Among social critics, the practice of railing against consumerism is as old as wealth itself. In the last 40 years, as the United States has become increasingly richer in material terms, it has been a common arrow in the quiver of environmentalists as well. But like the words “green” or “sustainability,” consumerism is now referenced so widely that it’s easy to forget exactly what is refers to, or why it matters in the first place. Here’s a definition from the Merriam Webster Dictionary:
At first glance, this seems pretty straightforward. After all, some level of consumption is a basic requisite for staying alive, since food, shelter, medical care and other necessities all require it. So what’s the problem? I like to think about this in terms of Maslow’s hierarchy of needs, represented visually in the pyramid below.
Graphic Source: Wikipedia
Abraham Maslow was an American psychologist who theorized that the development of each individual can be expressed as a progression from satisfying basic material needs like food, shelter and sex to more complex needs like friendship, self esteem, and self-actualization. Viewed in this light, consumerism is a need from the bottom level masquerading as one from near the top, in the realm of “Esteem.” Consumption becomes problematic, from a social and environmental standpoint, when it becomes conspicuous, motivated more by a need for belonging, social acceptance and status then survival.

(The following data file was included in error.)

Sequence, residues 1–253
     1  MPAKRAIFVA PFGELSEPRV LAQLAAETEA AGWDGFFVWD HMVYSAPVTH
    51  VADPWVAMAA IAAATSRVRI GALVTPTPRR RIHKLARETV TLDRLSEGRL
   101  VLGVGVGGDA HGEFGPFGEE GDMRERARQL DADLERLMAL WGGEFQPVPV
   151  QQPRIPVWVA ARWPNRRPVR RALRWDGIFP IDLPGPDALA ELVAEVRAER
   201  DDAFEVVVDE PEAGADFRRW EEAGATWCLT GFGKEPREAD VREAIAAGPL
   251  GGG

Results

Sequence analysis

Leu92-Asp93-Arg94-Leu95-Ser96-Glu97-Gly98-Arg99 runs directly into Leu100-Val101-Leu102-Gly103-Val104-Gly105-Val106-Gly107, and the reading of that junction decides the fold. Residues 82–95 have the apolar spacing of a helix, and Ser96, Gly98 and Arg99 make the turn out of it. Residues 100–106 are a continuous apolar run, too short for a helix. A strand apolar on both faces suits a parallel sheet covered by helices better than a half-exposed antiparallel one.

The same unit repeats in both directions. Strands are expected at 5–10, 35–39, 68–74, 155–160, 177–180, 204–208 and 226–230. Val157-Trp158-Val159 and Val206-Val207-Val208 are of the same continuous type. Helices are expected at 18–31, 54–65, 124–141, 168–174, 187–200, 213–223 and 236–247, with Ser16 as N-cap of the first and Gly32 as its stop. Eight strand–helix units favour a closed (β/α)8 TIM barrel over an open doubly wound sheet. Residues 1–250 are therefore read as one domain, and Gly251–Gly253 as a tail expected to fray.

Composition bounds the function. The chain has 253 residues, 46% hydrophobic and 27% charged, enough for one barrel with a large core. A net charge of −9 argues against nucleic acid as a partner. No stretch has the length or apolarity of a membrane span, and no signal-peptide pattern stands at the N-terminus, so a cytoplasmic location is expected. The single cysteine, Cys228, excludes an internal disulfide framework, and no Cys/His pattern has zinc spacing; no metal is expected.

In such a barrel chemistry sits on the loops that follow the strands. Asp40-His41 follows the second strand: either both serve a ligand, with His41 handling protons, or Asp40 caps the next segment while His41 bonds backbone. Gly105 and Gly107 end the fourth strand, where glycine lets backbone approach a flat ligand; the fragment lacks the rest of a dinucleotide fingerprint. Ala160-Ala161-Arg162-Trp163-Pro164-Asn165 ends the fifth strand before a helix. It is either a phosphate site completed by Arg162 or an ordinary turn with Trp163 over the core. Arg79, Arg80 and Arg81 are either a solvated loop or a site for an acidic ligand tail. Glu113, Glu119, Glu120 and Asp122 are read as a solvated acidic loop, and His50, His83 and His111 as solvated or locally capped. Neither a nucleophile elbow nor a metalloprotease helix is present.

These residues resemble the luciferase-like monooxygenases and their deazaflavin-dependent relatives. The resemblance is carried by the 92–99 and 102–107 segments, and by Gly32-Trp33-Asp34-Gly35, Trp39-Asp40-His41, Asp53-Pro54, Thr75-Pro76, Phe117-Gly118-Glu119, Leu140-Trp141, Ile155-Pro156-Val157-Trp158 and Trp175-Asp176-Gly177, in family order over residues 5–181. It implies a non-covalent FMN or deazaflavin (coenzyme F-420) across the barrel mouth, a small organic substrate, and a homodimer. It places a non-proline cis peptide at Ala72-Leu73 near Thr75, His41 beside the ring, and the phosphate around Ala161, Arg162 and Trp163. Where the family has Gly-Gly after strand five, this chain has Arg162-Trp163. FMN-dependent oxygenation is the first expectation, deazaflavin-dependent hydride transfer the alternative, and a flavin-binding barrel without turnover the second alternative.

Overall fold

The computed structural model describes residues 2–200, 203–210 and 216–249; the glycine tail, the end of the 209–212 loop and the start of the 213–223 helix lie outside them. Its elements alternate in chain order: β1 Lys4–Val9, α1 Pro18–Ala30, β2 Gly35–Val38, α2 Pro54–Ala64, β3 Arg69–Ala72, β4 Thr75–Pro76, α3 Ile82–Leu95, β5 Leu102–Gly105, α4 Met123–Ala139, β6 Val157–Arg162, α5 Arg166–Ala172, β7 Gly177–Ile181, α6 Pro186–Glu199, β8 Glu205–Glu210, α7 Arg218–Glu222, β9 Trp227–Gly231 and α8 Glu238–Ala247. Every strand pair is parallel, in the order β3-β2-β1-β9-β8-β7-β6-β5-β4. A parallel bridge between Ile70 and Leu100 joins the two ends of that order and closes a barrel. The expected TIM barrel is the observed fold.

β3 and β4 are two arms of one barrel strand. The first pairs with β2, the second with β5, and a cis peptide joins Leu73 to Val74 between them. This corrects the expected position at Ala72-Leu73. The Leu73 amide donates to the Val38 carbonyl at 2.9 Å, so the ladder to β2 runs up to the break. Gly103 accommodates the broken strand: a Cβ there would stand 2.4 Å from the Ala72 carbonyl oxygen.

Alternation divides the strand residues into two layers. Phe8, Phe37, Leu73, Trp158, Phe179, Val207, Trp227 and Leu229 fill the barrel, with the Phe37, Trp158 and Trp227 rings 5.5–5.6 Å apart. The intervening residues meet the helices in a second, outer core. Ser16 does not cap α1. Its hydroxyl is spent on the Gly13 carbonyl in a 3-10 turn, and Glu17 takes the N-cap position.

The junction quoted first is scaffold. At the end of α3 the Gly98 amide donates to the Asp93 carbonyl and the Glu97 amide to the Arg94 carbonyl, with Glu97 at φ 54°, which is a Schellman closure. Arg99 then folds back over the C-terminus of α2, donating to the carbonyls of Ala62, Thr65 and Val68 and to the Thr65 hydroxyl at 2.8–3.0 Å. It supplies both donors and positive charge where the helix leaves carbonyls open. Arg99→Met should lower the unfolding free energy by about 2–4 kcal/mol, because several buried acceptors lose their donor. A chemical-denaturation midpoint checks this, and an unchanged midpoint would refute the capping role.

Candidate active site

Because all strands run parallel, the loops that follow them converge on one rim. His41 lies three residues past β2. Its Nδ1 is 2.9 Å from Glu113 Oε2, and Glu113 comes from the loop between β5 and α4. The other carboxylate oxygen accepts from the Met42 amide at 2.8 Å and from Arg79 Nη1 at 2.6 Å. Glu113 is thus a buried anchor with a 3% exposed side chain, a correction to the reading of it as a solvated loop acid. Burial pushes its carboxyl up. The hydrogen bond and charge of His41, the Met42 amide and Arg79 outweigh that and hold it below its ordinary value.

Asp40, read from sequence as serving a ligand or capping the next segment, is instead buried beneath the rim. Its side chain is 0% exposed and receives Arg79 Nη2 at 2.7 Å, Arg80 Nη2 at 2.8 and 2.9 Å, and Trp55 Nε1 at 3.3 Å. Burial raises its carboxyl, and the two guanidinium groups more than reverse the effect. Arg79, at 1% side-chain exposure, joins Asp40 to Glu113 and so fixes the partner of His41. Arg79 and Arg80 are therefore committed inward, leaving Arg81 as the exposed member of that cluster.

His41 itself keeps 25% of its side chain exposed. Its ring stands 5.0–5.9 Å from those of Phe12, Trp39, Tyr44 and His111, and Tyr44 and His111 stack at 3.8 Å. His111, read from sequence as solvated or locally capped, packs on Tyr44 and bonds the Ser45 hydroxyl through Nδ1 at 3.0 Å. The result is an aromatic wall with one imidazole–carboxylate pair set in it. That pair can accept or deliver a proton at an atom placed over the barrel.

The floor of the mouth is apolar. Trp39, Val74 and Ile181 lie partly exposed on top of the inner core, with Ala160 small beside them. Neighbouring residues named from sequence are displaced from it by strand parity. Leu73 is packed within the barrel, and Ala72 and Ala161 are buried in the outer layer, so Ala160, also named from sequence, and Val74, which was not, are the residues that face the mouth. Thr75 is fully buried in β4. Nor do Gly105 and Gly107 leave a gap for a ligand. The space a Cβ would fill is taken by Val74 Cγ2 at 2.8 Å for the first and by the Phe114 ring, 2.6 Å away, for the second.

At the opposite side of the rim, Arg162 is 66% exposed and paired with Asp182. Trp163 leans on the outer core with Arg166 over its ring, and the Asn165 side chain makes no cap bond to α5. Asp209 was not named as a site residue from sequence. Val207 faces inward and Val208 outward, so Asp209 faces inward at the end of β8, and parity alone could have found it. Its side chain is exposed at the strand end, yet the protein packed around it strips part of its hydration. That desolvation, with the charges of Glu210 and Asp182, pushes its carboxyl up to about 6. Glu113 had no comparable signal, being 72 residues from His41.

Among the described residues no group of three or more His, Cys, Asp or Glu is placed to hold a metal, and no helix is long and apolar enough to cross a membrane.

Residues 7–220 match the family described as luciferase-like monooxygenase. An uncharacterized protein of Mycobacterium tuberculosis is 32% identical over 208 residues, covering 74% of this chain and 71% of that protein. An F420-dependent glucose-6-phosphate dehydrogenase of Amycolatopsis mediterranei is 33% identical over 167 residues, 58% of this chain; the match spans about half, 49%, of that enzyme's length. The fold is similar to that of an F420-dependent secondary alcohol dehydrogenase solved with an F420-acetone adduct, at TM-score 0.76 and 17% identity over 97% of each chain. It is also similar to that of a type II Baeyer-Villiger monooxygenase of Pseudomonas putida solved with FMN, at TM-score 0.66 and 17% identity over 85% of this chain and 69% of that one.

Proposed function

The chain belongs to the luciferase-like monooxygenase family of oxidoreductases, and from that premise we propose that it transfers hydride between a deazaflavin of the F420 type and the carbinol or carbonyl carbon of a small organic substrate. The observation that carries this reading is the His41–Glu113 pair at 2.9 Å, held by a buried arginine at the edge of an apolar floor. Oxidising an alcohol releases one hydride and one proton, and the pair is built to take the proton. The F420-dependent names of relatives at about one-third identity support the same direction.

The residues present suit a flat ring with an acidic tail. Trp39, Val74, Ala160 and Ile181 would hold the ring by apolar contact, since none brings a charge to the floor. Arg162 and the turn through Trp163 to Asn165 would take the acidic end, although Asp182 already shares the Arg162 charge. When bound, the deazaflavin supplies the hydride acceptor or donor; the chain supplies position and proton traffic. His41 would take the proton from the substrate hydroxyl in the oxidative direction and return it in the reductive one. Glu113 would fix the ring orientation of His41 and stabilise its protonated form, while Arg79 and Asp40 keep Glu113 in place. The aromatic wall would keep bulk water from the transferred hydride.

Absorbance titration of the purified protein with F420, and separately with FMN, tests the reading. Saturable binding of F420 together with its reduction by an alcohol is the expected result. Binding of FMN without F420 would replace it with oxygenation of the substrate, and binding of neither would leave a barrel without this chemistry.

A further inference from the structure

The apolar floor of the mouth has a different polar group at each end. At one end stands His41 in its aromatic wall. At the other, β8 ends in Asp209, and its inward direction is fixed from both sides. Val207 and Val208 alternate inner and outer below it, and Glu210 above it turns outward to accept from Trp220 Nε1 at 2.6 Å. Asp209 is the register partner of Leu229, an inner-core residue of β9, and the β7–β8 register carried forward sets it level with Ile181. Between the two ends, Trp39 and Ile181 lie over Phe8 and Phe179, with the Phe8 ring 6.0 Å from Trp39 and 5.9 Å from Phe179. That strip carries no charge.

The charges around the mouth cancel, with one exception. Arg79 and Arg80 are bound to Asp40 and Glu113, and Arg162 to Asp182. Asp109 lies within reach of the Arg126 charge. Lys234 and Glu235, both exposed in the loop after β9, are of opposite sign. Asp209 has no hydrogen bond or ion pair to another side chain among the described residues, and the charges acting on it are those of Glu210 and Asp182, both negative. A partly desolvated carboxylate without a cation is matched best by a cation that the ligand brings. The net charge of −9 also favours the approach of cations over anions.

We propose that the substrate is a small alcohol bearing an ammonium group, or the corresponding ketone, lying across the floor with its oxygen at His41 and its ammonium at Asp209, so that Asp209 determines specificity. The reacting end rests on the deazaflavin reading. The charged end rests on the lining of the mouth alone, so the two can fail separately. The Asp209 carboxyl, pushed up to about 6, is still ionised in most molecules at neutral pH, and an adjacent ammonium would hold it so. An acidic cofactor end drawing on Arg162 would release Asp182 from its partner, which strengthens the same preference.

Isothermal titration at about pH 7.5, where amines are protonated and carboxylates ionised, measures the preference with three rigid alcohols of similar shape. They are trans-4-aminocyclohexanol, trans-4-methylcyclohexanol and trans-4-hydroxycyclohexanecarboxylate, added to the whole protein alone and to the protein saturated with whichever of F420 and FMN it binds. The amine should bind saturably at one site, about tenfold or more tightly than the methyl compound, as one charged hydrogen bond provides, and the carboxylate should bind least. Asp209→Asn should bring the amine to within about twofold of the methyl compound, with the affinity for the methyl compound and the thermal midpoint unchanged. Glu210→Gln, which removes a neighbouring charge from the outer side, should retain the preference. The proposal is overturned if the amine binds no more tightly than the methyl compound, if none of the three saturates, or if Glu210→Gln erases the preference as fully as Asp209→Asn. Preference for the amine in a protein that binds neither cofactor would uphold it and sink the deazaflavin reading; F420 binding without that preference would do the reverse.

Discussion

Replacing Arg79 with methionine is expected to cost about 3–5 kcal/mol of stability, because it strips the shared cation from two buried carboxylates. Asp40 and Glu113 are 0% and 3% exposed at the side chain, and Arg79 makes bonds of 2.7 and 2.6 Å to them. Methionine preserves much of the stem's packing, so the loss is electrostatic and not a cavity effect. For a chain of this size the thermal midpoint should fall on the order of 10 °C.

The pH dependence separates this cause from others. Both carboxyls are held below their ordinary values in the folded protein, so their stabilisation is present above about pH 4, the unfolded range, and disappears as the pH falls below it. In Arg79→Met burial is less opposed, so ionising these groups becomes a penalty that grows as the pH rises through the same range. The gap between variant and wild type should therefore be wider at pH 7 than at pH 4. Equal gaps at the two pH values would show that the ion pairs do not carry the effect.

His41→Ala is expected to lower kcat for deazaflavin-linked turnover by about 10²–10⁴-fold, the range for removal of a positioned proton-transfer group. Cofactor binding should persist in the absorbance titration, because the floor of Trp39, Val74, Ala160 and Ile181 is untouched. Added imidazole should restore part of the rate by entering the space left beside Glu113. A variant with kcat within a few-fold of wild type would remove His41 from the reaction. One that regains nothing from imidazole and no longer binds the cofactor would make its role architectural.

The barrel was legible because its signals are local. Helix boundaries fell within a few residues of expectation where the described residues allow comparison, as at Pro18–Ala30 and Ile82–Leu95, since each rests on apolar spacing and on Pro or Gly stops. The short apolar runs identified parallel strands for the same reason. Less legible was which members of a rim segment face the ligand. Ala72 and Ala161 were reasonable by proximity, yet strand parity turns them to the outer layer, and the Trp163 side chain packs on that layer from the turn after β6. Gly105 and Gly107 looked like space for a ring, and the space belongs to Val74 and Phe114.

If I had any doubts that this sort of thing was on display in American society, my trip into Bloomingdale’s department store with my family last Friday evening was more than enough to assuage them. I sat in an armchair inside the nine-floor labyrinth of high fashion, watching well groomed couples stride by weighed down with their purchases. It was payday, and they were there to convert their cash into social currency. Scores of thin women browsed blue jeans with price tags that could be found on plane tickets. Clearly, there was much more than just “basic needs” on display.
From an environmental perspective, shopping is not the soundest path to a strong sense of self-worth. Friendships, marriages, clubs, sports teams and churches are much better. But the moment you begin to talk about regulating consumption, you are treading on thin ice. Our ability to consume so much of so many things is inextricably tied to the idea of freedom, the idea that each individual should decide for themselves when enough is enough.
Laws regulating the consumption of luxury goods have been highly ineffective throughout history, and they will likely continue to be so. The key is to make such goods irrelevant by strengthening the very thing for which they are a substitute: the social fabric. How we do this is a huge and baffling question, but one thing is certain: it will have very little to do with getting that new pair of jeans.